After a brief collaboration with friends I was enlisted to make a presentation to the local water district board, MMWD, which I had written about in my previous blog. In preparation I did my due diligence. I met with Paul Helliker, MMWD’s General Manager and Terry Stigell, the CFO. Terry was prepared with copies of my blog in hand appropriately highlighted as only Adobe Acrobat can do.
Wednesday, February 24 came too quickly. I spent the previous Sunday, ten hours of it, trying to normalize the rates the various districts charge their customers. After making numerous requests to the president of the board for a larger block of time than the allotted three minutes, I was notified I would get the same three minutes as everyone else. How do you compress fifteen complicated minutes into three? It quickly became clear the procedures work to the incumbents’ benefit.
I rewrote my presentation into bullet points. I downloaded a stop watch to my desktop and practiced my delivery over and over. No matter how I changed it fifteen seconds before I reached my climatic conclusion the buzzer went off. And no matter how many times it happened the sound of that buzzer was like an electric shock! OK, maybe I can ask for more time.
I drove to the meeting with my wife, Lorilei, and my good friend Bill Tunney. (I say good friend because who else would endure such an evening?) There was also a cadre of my blog supporters, those who had pressed me into this position. I'd made up a set of presentation materials.  picked up from Kinko’s only hours before, to pass out to those in the room. Tonight’s the night!
We arrived early to sign up for public comment. I thought if I got there early enough and signed in I would be high on the agenda. Foolish me. The incumbents are in charge and they deftly moved my card to the position of last speaker. Ah the power of being in charge.
Not knowing this I wait, thinking as each name was read mine would be next. I watch as people leave the room. Apparently the reporter from the Marin Independent Journal was one of the first because his write-up of the meeting was both inaccurate and incomplete. What hope do we have when we can’t even count on the fourth estate?
It’s now my time to present. I know my talk is three minutes and fifteen seconds, my internet timer told me so. The chair has been lenient and if I could just explain some of my slides a bit more they would have context.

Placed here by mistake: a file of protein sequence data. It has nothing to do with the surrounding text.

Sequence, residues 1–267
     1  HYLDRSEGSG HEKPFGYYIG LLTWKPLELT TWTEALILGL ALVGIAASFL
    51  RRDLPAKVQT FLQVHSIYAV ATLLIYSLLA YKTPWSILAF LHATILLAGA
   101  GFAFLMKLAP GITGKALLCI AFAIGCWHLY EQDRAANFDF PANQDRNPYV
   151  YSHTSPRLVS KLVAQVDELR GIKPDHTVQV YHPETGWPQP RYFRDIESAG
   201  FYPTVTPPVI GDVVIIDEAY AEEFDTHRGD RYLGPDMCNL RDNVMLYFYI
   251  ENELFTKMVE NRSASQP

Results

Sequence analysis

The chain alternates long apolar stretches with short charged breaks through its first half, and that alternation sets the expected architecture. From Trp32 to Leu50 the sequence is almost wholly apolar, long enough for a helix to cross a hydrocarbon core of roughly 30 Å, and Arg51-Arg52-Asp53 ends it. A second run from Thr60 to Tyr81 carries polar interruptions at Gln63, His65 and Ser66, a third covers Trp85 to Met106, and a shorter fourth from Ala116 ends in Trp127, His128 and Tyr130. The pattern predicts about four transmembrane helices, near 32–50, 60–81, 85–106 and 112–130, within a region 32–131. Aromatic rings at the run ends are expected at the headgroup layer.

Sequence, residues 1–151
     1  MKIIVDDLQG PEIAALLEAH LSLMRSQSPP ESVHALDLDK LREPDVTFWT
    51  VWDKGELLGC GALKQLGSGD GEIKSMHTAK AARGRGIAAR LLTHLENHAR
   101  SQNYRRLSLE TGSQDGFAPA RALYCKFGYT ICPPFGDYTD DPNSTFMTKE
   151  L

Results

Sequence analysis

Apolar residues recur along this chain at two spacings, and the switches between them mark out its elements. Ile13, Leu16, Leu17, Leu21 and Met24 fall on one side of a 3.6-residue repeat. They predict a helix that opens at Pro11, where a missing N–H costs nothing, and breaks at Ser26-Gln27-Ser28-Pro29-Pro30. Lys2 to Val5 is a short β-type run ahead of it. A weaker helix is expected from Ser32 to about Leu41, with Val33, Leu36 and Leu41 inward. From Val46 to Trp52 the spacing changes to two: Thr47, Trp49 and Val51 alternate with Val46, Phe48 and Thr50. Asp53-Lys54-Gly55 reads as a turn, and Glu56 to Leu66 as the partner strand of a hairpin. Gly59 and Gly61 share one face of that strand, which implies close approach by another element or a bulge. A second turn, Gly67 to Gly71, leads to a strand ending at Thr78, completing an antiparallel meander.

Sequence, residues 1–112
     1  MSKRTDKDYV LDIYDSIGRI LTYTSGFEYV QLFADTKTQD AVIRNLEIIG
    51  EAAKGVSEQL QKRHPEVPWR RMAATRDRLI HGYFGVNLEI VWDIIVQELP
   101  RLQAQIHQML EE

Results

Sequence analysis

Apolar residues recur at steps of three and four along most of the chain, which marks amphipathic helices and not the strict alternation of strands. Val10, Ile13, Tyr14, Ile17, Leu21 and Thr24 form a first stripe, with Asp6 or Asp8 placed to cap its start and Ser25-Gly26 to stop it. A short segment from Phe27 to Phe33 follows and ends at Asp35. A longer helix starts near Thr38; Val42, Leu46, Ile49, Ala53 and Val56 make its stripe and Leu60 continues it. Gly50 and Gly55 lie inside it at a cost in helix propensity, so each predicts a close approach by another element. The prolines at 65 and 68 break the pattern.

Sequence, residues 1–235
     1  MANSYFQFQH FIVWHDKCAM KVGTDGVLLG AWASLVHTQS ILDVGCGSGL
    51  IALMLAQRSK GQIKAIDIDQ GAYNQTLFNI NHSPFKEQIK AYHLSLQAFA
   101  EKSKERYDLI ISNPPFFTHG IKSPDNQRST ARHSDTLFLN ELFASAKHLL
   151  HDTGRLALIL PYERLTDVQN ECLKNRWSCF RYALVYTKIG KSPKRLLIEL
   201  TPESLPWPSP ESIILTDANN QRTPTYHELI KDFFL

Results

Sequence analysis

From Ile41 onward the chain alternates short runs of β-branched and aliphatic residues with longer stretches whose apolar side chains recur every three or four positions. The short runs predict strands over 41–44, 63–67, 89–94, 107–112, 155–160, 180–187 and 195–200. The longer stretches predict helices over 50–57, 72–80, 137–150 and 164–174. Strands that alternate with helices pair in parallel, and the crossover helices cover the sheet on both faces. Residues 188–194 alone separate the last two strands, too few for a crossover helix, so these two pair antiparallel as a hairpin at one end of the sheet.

I am at two minutes and fifty seconds and “Recommendations to the Board”.  I only have eight but it will take at least forty five seconds. I begin to realize I have lost to the incumbents. At number three the gavel sounds. Like the bell that went off on my internet timer it is like a shot of electricity. Doesn’t the board want to hear my recommendations? Aren’t they truly interested in the issues at hand? I look towards the sound of the gavel and see Jack Gibson. Flash back to fifth grade and a bully who wanted to control the playground. He has no interest in what I have to say. To him I am just one more rant he has to endure to advance whatever it is he has in mind. “What do we have to do to get him out of here,” says Jack. “Just listen to what I, a citizen and rate payer have as recommendations to you,” I think but don’t say. Instead I keep reading from my list. The gavel bangs again and there are shouts from the crowd. Are they for me or against me, I don’t know but finally I stop, bullied into silence by the gavel and unsure of the crowd. I walk back to my seat and the crowd erupts in a standing ovation. Twice I rise in acknowledgment embarrassed by the whole thing and wishing for the moment I could return to the anonymity of my blog. And then it is suddenly clear; there are three men present, one calling in by phone and a woman sick at home; they are the board and they are in control and there is nothing we or anyone else can do about it.
Nothing, that is, until the next election?
In my next blog I will apologize and explain why I was wrong about something I said regarding MMWD's unfunded liabilities. It turns out it may be worse.